This is the first privately-funded spaceflight to the International Space Station; it launched Tuesday after a scrubbed mission over the weekend.
Opening a new, entrepreneurial era in spaceflight, a ship built by a billionaire businessman sped toward the International Space Station with a load of groceries and other supplies Tuesday after a spectacular middle-of-the-night blastoff.
The launch of the Falcon 9 rocket and its unmanned Dragon capsule marked the first time a commercial spacecraft has been sent to the orbiting outpost.
Tracing a fiery arc across the night sky, the rocket lifted off just before 4 a.m. and smoothly boosted the capsule into orbit. The capsule is expected to rendezvous with the space station within days, delivering a half-ton of provisions for its six crew members.
It is considered just a test flight — in fact, the capsule was packed with only nonessential items, in case something went disastrously wrong — but if all goes well with this mission and others like it, commercial spaceships could be carrying astronauts to and from the space station in three to five years.
Musk later told reporters: "For us, it's like winning the Super Bowl."
Up to now, flights to the space station were something only major governments had done.
The White House offered congratulations.
"Every launch into space is a thrilling event, but this one is especially exciting," said John Holdren, President Barack Obama's chief science adviser. "This expanded role for the private sector will free up more of NASA's resources to do what NASA does best — tackle the most demanding technological challenges in space, including those of human spaceflight beyond low-Earth orbit."
NASA is looking to the private sector to take over flights to the space station now that the space shuttle has been retired. Several U.S. companies are vying for the opportunity.
"The significance of this day cannot be overstated," said a beaming NASA Administrator Charles Bolden. "It's a great day for America. It's actually a great day for the world because there are people who thought that we had gone away, and today says, 'No, we're not going away at all.'"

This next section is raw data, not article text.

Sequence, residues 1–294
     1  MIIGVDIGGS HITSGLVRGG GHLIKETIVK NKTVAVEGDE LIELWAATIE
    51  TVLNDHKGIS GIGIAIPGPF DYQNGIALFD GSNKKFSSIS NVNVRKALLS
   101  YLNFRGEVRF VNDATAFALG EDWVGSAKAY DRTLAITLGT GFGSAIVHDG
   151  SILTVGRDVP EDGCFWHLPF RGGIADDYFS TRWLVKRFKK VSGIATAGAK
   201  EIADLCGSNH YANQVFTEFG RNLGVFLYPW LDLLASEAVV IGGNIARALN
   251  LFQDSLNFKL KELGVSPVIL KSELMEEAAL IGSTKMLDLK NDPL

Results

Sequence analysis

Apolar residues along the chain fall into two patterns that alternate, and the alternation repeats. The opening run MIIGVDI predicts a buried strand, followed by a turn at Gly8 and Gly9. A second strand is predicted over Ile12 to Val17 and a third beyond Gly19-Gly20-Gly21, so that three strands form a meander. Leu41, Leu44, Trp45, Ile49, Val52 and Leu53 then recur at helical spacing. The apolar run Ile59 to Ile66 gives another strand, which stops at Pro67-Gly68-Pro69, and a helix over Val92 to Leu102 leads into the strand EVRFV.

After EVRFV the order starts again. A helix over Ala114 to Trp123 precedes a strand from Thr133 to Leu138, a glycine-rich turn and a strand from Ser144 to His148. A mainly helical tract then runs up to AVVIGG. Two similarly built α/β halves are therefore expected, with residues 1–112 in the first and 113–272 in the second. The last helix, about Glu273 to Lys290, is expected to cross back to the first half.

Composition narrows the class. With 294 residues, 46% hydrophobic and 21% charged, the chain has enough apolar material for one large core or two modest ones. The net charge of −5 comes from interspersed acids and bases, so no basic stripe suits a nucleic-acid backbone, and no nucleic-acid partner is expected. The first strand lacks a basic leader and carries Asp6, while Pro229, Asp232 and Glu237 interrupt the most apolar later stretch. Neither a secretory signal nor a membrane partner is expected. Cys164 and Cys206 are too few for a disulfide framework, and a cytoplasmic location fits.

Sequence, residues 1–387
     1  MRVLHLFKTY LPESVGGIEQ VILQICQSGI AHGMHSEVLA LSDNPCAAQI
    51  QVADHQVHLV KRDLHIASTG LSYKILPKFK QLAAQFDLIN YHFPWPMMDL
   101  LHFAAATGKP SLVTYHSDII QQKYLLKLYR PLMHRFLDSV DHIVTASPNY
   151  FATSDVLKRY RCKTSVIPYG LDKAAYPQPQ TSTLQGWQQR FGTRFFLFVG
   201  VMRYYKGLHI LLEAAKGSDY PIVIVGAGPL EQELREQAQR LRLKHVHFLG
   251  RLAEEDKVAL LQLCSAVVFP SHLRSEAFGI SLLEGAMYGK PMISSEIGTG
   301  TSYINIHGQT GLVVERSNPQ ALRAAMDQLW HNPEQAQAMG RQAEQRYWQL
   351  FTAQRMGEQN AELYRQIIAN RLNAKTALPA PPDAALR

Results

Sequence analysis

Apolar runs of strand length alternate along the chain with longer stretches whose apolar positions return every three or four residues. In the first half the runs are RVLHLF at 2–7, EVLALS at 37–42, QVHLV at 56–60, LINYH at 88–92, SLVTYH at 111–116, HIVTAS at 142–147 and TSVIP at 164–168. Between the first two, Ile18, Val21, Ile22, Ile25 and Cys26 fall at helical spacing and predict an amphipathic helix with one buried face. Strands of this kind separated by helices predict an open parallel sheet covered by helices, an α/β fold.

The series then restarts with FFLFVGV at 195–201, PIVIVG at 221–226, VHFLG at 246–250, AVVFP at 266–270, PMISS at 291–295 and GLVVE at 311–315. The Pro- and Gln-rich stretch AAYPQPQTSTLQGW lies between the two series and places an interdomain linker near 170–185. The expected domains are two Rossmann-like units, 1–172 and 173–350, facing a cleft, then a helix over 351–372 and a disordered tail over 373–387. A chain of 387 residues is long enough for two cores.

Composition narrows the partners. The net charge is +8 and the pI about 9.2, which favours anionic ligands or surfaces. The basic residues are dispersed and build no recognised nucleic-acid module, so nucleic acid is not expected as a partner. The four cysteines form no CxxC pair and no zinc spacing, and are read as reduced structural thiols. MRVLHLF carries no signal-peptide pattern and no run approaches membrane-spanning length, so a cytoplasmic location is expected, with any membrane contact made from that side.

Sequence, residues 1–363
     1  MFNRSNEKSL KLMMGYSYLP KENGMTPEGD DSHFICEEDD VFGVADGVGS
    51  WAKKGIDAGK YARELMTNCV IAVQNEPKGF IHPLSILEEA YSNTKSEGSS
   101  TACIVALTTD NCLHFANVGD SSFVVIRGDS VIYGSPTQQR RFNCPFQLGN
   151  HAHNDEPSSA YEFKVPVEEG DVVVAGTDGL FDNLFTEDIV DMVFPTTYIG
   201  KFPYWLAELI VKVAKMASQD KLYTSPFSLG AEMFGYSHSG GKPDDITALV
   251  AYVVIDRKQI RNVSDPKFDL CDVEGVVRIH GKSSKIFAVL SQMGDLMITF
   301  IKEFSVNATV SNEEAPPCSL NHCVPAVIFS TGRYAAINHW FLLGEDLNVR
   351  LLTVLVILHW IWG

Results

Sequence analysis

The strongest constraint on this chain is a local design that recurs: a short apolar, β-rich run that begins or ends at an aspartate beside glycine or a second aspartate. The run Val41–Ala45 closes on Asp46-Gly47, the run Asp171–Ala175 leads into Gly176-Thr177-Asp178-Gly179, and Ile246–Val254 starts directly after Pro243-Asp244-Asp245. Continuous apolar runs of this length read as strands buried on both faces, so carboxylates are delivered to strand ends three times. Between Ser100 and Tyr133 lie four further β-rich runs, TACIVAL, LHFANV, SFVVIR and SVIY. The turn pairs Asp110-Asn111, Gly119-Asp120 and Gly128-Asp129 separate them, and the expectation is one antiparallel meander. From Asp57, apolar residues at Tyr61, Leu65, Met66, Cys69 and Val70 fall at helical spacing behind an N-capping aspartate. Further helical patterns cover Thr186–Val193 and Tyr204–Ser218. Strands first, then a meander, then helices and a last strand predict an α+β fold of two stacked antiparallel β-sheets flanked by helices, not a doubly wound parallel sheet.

Flight controllers applauded when the Dragon reached orbit nine minutes into the flight. Then they embraced once the solar panels on the craft popped open. Many of the SpaceX controllers wore untucked T-shirts, jeans or shorts, a stark contrast to NASA's suit-and-tie shuttle crowd.
A previous launch attempt, on Saturday, was aborted with a half-second left in the countdown because of a bad valve in one of Falcon's nine engines.
Another important test comes Thursday when the Dragon draws close to the space station. It will undergo practice maneuvers from more than a mile out. If all goes well, docking will occur on Friday. Musk will preside from the company's Mission Control in Hawthorne, Calif.
Since the shuttle's retirement last summer, American astronauts have been hitching rides to the space station aboard Russian rockets, and Russian, Japanese and European ships have been delivering supplies.
SpaceX has spent more than $1 billion on the project.
Musk, the 40-year-old entrepreneur who helped create PayPal and runs the electric car company Tesla Motors, has poured in millions of his own fortune, and NASA has contributed $381 million in seed money in a venture that has been likened to the public-private collaboration that built the Internet and won the West.
Even Musk's rivals were rooting for a successful flight.
"The shuttle may be retired, but the American dream of space exploration is alive and well," said Mark Sirangelo, chairman of Sierra Nevada Corp.'s space systems, which is developing a mini-shuttle to carry space station crews in a few years.
The Dragon capsule will stay at the space station for a week and then splash down in the Pacific, bringing back experiments and equipment. None of the other cargo ships now in use are designed to return safely; they burn up on the way down.
Two more Dragon supply missions are planned this year, regardless of what happens this week.
The rocket also blasted into orbit around the Earth the ashes of more than 300 people, including Mercury astronaut Gordon Cooper and actor James Doohan, who played Scotty on "Star Trek." The ashes were in a section of the rocket that was jettisoned during the climb into space.